What You Need to Know about Travel Breathing Masks

When you can’t avoid travel, protect yourself from germs, allergens and worse with this simple accessory.

travel breathing mask
Is it precaution or paranoia? For many, packing a travel mask is simply about peace of mind.Shutterstock

With adventure tourism, volunteer vacations, and just plain bad luck on the rise, having a face mask handy in your luggage can be a life-saver, sometimes literally. Here’s what you need to know about covering up on the go.

Do Your Research

Base Camp Dust Mask
Base Camp Dust MaskAmazon

First, know what masks can and can’t protect you from. A face mask is not a replacement for any required vaccines, and while it can help you with basic prevention, like not touching your face and absorbing the droplets some illness spread via coughing and sneezing, there’s no filter fine enough to catch viruses. That said, face masks are great for absorbing dust, soot, pollen, and anything else relatively large, so if you’re heading somewhere with a potential for smog or disasters like wildfires, or even just the potential for an allergy attack, it’s good to have one of these handy.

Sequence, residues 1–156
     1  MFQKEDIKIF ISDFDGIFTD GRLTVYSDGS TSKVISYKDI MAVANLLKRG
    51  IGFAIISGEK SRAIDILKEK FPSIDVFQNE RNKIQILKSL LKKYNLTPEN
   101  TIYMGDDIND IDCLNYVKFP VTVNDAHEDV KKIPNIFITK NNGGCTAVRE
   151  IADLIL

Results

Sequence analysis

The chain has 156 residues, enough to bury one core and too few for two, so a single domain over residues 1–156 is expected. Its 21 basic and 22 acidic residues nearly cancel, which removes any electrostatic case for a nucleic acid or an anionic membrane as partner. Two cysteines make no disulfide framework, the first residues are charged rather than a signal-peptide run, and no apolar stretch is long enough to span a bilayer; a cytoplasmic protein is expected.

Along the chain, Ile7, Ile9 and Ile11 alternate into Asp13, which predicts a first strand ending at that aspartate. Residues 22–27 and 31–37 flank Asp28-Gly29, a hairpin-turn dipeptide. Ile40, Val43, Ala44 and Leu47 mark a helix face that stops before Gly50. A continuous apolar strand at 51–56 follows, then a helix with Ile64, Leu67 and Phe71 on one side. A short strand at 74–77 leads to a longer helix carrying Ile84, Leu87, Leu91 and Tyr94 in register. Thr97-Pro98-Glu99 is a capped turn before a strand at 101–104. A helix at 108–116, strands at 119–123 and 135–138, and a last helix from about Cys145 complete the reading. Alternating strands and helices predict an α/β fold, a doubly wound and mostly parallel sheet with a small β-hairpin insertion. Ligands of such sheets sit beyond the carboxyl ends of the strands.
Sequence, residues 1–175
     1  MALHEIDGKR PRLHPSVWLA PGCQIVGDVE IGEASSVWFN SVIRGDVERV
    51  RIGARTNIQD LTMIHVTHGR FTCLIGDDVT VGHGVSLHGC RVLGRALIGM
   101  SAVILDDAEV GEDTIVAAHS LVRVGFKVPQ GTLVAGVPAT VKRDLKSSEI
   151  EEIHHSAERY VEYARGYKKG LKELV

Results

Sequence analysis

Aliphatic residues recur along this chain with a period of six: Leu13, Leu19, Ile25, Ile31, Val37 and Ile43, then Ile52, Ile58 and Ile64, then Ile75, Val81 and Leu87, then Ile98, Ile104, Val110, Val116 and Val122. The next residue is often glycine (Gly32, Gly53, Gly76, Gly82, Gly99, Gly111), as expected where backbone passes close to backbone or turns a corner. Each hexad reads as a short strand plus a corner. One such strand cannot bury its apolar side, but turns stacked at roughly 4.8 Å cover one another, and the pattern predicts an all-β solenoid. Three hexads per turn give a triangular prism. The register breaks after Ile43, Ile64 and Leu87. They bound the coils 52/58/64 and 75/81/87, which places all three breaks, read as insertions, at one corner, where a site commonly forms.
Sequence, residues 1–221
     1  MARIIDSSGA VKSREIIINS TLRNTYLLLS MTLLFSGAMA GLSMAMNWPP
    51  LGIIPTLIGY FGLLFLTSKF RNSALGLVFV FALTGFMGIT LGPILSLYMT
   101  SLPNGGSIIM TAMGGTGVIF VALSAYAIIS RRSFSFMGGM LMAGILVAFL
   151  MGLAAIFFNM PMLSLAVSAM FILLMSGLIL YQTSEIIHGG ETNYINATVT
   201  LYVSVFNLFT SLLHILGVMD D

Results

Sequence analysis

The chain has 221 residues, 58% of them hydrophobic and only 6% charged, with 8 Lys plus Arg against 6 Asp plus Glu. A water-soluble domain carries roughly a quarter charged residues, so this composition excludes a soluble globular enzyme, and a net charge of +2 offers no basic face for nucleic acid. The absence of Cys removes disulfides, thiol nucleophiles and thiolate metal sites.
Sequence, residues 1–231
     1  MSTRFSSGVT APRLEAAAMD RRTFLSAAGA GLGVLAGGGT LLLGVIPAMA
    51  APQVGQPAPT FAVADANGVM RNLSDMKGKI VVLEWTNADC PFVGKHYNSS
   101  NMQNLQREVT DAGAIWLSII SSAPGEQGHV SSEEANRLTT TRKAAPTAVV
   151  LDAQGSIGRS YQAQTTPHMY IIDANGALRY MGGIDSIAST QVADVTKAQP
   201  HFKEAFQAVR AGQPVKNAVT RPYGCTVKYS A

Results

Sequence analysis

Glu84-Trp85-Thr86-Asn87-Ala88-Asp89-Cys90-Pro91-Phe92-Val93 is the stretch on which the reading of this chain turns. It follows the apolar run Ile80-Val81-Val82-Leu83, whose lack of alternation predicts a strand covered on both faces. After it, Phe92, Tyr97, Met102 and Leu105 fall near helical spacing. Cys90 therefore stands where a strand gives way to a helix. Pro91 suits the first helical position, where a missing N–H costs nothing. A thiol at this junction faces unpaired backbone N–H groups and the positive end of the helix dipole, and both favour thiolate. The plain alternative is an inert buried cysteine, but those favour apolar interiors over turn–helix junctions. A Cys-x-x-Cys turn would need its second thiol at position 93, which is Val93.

The Real Deal

3M 8210 Plus Paint Sanding Dust Particulate Respirators
3M 8210 Plus Paint Sanding Dust Particulate RespiratorsAmazon

Look at certifications next. The National Institute of Occupational Health and Safety, or NIOSH, run by the Centers for Disease Control, is the best certification you can get for face masks, especially for disposable masks that you’re packing in a first-aid kit or keeping handy just in case. In other situations, such as allergies, you may want to pick a mask that’s not certified, but easier to reuse.

You Can Still Be Stylish

Spring Season Washable Reusable Mouth Mask
Spring Season Washable Reusable Mouth MaskAmazon

Consider a mask with a carbon filter. Especially if you’re trying to protect yourself from pollution or allergens, a carbon filter works wonders in both pulling out the floating garbage and making a mask easier to maintain. Many masks have a simple process to remove and swap out filters, and they usually last from three to five days depending on the air quality level. Be sure to consult the manufacturer’s literature before you go, and also bring spares.